Keeping Up with Amy Hempel
I have not stopped thinking about the title story of Amy Hempel’s new collection, “Sing to It” (Scribner). Is it a short story, really? Or a poem? Here it is, entire:
At the end, he said, No metaphors! Nothing is like anything else. Except he said to me before he said that, Make your hands a hammock for me. So there was one.
He said, Not even the rain—he quoted the poet—not even the rain has such small hands. So there was another.
At the end, I wanted to comfort him. But what I said was, Sing to it. The Arab proverb: When danger approaches, sing to it.
Except I said to him before I said that, No metaphors! No one is like anyone else. And he said, Please.
So—at the end, I made my hands a hammock for him.
My arms the trees.
Like most of Amy Hempel’s short fiction, this is lucid and elusive at once, almost briskly mysterious. A man is dying, and the narrator is comforting him. The man asks the narrator to avoid the succor of metaphors, since—we might surmise—honesty is required, death is death, and “nothing is like anything else.” But the dying man cannot avoid being metaphorical, and asks the narrator, whose hands are smaller even than the rain (the line is from E. E. Cummings), to make a hammock for him, to cradle him. And so she does. That is what the story is “about.”
Yet the text is also constructed and compacted like a poem, delicate and precise. A person wants to “sing” to the impending danger, but also to abide by the other’s injunction to avoid figurative language. Instead of using a metaphor, she becomes a metaphor: “My arms the trees.” Now Hempel’s valedictory text, titled “Sing to It,” itself saturated in these lovely figures of speech, becomes the song that she would have sung, looping back on itself like one. And a further subtlety: when the man asked for no more metaphors, he said that nothing is like anything else, but when the narrator echoes those words the reason given is that “no one is like anyone else.” This is not a story about death, that distinguished thing; it is an elegy for an irreducible person. All of this in little more than a hundred words.
“Sing to It” is Hempel’s fifth collection of stories since the publication of her first, “Reasons to Live,” in 1985. There are no empty vessels when everything has its proper weight. Hempel works carefully, sparingly, glancingly. Perhaps, in the nineteen-seventies and eighties, she learned from her teacher Gordon Lish how to abolish the nonessential, but then she got to work on the essential. Her stories assemble extraordinary sentences. And each purified sentence is itself a story, a kind of suspended enigma. “Between them it was always almost over, especially at the start,” is one of the lines from a three-page story in the new collection. Another difficult couple are characterized, in the same book, thus: “A thing between them: green apples.” Hempel’s readers have quivers full of these arrows: “The one-day sale on cantaloupe is into its third week.” “Down the road from the school is one of those classic mansions you admire until you notice it’s a funeral home.” “A Labrador eating looks like time-lapse photography.”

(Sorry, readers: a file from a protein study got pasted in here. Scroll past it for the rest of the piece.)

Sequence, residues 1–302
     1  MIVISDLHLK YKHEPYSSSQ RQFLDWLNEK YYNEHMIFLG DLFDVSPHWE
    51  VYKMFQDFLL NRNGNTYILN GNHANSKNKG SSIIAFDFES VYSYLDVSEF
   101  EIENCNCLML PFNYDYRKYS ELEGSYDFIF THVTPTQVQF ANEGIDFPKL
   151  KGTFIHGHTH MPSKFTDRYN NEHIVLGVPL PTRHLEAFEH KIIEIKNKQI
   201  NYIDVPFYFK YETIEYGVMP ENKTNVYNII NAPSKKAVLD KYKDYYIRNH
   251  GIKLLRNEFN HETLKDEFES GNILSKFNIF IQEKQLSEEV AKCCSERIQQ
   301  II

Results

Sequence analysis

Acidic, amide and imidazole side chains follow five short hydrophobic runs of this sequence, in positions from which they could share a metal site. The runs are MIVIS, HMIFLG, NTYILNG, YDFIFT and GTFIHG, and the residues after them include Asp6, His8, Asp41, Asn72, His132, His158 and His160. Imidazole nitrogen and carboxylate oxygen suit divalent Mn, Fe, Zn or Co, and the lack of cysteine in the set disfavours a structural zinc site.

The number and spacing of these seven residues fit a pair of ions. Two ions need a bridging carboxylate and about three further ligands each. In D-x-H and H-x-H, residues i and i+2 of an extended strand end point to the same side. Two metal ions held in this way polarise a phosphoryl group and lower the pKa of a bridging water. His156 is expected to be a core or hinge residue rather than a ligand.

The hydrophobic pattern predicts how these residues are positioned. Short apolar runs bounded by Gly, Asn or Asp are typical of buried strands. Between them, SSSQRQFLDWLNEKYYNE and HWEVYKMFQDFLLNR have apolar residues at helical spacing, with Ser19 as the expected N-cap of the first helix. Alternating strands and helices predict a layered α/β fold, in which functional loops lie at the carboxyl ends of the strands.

And her characters often speak as sparklingly and strangely as their creator writes. “If I were to sing, it would sound like talking louder,” a character says in “The Afterlife.” In “Du Jour,” a viciously shrewd piece about the difficulty of giving up smoking, the narrator tells us that she has gained weight since quitting cigarettes. “But not because I’m eating more of anything. I’m gaining weight because I’ve stopped coughing. Coughing was exercise for me.” This narrator meets a certain Mrs. Wynn, who is enrolled in the same addiction program. Mrs. Wynn, who likes to boast, says that she sings songs in four languages at a local supper club. In four languages? the narrator marvels. “Oh, God no,” Mrs. Wynn replies. “I’m exaggerating so you can get to know me faster.”
Hempel, like some practical genius of the forest, can make living structures out of what look like mere bric-a-brac, leavings, residue. It’s astonishing how little she needs to get something up and going on the page. A pun, a malapropism, or a ghost rhyme is spark enough. One of her earlier tales effectively turns on the fact that a woman pronounces “feces” as “faces.” Titles are generative for her, and are sometimes better than the texts they introduce: “And Lead Us Not Into Penn Station,” or “For Those of You Who Missed Your Connecting Flights Out of O’Hare.”